All posts by Philosofer

FMD 8/21/2020 – Building Slowly

Not too long ago I was listening to the song "Coconut" by Harry Nilsson. Though I'm well familiar with the song I was struck at how well constructed it was, with just layer upon layer being added up to this much bigger cacophonous sound than it start as. Just really subtle building. Lots of songs will do a stripped down verse, add something obvious on the next one, and build in a way that just isn't quite so smooth.

So I'm curious about other songs that you think of as building slowly, or subtly, up to a much larger sound.

Also drop lists.

FMD: July 3, 2020 – Hope and Pride and Maybe A Bit of Patriotism

Look, things are complicated in this country. We all know that. We're reckoning with a lot of horrible facts about both our present and our past. But, at bottom, I think we can acknowledge that some flawed, complicated people came together and set up a novel framework that genuinely enabled things to get better. And this weekend is a time to reflect on that. A chance to think about what we might do to make things better too - because, at bottom, we're all flawed, complicated people too.

Anyway, let's identify some songs of hope and pride, and maybe a bit of patriotism - real patriotism, not that "everything we do must be the best because it is us" stuff.

And to kick it off, here's Ray Charles singing America The Beautiful at the 2001 World Series.

FMD 6/12/2020 – Spotify vs. Pandora vs. ???

We've discussed this before, I'm sure, but what music services do you use? I was finding myself getting into a bit of a rut with Pandora - it seems to have stopped rotating in new songs unless and until I make a conscious addition to the playlist, and then it really gloms onto that artist. I'd never been much into Spotify - it just seemed silly to rotate through multiple services - but given the Pandora problem, I decided to give it more of a try. The weekly curated lists have been excellent - a handful of songs I know, but many more I don't, including some news stuff, deep cuts and covers, many of which I have genuinely enjoyed.

I'm trying not to like or dislike too many songs on the service though, for fear it will become another Pandora, and only cater to my identified likes, when, in fact, the thing I like most is variety and finding new songs.

What services do you use? How do you use them? Drop your lists. Nominate your summer songs. Especially that. Nominate your summer songs!

FMD 5/22/20: I Need To Get Ready For A Summer Mix

Don't worry, we're not soliciting yet for summer mix material. I suppose that'll happen at some point. Or not. Either way...

I'm just working on my personal Summer Mix, which is usually ready over labor day weekend. It might take a bit longer this year. I usually try to identify at least a single new song that I think is going to really explode - In the past I've hit pretty well with "Pumped Up Kicks", "Feel It Still", and "Can't Stop The Feeling" - and I've whiffed on a bunch of others.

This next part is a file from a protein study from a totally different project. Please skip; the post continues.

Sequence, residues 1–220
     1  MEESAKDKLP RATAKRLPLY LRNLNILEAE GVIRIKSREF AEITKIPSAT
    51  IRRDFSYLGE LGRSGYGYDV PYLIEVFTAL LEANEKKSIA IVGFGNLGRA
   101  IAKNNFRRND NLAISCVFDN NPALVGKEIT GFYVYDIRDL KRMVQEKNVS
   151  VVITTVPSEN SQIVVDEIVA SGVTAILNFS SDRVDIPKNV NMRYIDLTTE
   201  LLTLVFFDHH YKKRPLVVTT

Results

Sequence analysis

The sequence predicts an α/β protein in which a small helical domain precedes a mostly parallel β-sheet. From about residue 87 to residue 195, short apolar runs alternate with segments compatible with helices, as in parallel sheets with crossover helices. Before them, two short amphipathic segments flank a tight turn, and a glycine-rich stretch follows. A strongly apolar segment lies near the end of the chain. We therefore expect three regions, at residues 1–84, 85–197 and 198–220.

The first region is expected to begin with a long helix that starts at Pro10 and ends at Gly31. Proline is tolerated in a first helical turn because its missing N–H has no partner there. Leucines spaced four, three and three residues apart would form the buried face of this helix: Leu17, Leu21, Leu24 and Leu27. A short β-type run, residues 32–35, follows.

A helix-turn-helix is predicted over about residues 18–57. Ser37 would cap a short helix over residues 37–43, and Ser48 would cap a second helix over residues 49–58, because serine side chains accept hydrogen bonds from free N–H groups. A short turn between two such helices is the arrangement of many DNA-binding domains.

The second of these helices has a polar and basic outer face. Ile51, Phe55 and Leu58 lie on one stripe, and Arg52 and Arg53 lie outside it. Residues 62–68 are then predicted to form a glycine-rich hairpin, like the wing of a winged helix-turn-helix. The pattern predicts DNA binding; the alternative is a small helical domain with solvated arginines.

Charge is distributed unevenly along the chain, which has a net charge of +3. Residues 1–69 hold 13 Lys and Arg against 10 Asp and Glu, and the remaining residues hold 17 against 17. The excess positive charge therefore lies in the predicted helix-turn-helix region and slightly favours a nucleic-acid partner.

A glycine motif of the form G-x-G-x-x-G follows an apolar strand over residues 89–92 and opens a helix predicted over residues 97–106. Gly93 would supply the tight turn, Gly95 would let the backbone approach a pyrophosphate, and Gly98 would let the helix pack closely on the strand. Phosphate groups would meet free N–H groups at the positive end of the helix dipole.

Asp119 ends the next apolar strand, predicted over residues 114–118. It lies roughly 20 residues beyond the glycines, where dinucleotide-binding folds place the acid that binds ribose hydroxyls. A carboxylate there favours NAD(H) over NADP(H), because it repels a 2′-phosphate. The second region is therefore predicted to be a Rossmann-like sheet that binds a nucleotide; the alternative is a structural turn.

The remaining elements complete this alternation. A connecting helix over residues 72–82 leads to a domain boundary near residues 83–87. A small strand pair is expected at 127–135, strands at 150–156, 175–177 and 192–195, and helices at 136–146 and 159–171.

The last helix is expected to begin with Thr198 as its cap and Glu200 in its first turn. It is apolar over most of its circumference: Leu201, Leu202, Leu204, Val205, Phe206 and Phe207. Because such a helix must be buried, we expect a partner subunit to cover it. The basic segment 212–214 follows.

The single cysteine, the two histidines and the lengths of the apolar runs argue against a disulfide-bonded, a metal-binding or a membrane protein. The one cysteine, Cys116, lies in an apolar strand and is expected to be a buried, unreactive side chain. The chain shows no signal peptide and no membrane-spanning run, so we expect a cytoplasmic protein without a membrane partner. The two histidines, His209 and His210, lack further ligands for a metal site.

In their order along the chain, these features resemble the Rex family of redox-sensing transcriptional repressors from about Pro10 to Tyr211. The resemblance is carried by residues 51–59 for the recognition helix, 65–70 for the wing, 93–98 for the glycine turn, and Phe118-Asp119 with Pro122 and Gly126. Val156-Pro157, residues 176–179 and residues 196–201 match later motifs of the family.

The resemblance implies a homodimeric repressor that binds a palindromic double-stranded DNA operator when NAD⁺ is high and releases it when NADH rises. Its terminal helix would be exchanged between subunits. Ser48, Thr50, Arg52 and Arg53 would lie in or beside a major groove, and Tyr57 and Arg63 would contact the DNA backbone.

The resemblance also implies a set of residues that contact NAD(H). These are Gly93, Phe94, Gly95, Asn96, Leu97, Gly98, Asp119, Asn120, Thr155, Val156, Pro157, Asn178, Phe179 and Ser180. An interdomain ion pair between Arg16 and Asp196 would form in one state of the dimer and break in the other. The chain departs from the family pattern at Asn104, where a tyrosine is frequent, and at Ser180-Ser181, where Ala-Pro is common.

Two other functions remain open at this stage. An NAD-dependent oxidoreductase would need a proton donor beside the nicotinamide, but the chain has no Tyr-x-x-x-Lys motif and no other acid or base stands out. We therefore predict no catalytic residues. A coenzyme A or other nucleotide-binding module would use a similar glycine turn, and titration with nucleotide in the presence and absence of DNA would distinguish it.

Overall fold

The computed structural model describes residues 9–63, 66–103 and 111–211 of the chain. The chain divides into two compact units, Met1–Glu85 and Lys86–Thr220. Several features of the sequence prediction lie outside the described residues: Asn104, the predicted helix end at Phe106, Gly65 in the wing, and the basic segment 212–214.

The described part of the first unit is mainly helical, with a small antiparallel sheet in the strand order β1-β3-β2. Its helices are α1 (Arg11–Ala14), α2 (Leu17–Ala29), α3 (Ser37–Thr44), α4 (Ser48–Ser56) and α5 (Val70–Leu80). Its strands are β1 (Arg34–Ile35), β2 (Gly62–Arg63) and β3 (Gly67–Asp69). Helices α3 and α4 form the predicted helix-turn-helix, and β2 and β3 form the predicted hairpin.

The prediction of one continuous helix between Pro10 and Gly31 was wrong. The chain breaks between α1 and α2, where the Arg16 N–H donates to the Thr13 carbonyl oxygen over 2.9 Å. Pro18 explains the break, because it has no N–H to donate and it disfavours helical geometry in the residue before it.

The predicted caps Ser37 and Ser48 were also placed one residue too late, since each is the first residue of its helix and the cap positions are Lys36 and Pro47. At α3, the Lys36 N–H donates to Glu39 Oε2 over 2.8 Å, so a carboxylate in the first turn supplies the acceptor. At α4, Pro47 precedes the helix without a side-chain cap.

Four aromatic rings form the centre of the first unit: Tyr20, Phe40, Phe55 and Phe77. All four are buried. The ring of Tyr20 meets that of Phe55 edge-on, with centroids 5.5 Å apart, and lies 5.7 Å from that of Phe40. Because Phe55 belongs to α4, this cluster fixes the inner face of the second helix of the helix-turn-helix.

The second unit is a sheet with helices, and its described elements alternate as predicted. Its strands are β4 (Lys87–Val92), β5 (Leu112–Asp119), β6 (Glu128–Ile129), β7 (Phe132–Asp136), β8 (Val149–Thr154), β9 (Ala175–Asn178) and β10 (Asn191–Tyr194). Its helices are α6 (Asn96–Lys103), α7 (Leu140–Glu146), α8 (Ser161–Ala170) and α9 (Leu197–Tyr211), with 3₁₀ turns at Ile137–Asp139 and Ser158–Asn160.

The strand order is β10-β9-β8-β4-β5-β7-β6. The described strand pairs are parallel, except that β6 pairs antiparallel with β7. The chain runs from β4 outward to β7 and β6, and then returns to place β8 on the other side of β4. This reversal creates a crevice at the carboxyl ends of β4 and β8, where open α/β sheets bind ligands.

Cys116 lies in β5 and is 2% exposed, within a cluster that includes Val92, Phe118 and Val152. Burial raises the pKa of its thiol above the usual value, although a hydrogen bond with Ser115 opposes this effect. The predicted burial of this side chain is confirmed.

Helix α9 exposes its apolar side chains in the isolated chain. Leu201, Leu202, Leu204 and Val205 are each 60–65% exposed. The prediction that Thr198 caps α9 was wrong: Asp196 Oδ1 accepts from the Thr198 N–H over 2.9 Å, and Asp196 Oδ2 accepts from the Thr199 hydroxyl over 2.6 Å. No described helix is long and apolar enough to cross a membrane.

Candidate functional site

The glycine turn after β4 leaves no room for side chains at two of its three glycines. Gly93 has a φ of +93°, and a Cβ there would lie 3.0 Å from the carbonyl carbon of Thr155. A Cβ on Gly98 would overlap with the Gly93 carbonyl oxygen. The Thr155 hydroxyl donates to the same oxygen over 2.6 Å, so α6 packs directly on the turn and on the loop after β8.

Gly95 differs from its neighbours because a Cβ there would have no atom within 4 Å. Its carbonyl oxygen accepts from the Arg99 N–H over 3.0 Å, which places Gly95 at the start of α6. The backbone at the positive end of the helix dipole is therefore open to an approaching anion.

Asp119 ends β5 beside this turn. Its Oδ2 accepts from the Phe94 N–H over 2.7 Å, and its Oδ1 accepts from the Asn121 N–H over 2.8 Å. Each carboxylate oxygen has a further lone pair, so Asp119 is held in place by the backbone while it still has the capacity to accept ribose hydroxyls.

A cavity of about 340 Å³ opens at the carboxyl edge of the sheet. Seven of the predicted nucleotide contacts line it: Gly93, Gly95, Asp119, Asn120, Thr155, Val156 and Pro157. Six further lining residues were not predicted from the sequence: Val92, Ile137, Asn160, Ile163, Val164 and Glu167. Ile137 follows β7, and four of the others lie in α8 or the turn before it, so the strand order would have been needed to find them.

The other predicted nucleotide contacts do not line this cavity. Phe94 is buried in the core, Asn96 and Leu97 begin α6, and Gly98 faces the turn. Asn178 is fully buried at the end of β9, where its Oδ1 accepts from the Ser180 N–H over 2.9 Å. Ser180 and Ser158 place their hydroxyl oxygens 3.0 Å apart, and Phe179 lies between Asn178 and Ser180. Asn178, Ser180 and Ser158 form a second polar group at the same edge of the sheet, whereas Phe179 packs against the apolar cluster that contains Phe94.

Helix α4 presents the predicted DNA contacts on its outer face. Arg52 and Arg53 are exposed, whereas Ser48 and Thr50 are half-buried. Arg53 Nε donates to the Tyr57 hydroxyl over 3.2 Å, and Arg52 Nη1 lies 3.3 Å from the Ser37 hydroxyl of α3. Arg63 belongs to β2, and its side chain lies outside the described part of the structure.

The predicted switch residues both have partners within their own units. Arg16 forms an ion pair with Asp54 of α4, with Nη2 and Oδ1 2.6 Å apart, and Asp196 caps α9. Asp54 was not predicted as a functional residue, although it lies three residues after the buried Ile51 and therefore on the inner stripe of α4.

This year? I got nuthin. The only truly new song that I think will make the mix as it currently stands is American Aquarium's "The Luckier You Get" (again, I think anyone digging Isbell would like this group, from what I've heard. "The Luckier You Get" isn't necessarily typical of their other songs, many of which are more contemplative.).

I definitely don't have a pop song that I'm ready to grab. I don't know if the virus stuff is making it harder to get into new things, or what... but I'm just completely lacking that new summer song. So, if anyone has any ideas... I'm open.

Also, don't tell Pepper, but I think Courtney Barnett's "Everybody Here Hates You" is likely to make the cut.

Alright, here's that American Aquarium song, just for fun:

The Nation Has An Appetite: Garlic Shrimp in Coconut Milk

A few weeks ago, when I was planning for a long-term quarantine, I decided that at some point I'd make a red curry. But when I opened my fridge this past week I discovered that I didn't have enough curry paste and I needed to come up with a different plan. Glancing around the internet I found a few recipes that seemed like I could try for, but none for which I really had all the ingredients. And I wasn't going out for more. So here's what I came up with:

INGREDIENTS
Lots of jumbo shrimp. The bigger the better.
Olive oil
1 red bell pepper
1 green bell pepper
1 small onion
4 cloves garlic, minced
1 inch ginger, grated
Salt
Crushed red pepper flakes
1 can diced tomatoes, drained
1 can coconut milk
Juice of 1 lime
Basil (I used dried, since it was available)

Fry the garlic and ginger in hot oil, about 1 minute.
Slice the peppers and onion, add to the garlic, cook until soft - about 5 minutes.
Add the can of coconut milk* and tomatoes, salt, basil, 1/2 of lime juice, red pepper flakes, bring to a boil, then simmer for 10 minutes.
*I've seen it suggested that coconut milk should not be stirred up before adding it to the pan, and should be melted down and slowly mixed in as it cooks. That's what I did here and it worked really well, so it seems like that is true?
Add the shrimp, keep over heat until just cooked through.
Add the rest of the lime juice, and more red pepper flakes to taste.

I served over rice noodles and with a slice of toast (good toasted bread is perfect with this for soaking up the milk).

This definitely seemed like it could use some fresh herbs - One of the inspiring recipes called for cilantro. Maybe something with a little more crunch sprinkled over the top too, though I'm not sure what. Also, if anyone has suggestions for cooking process that would help improve this, I'd be happy to take those. I definitely plan on making this again - the shrimp came out perfect, the left-overs heated really well (no leftover shrimp... that should probably go without saying, right?), it came together really fast and easy, etc. So any improvements are appreciated!

FMD 4/17/2020: Pick Me Up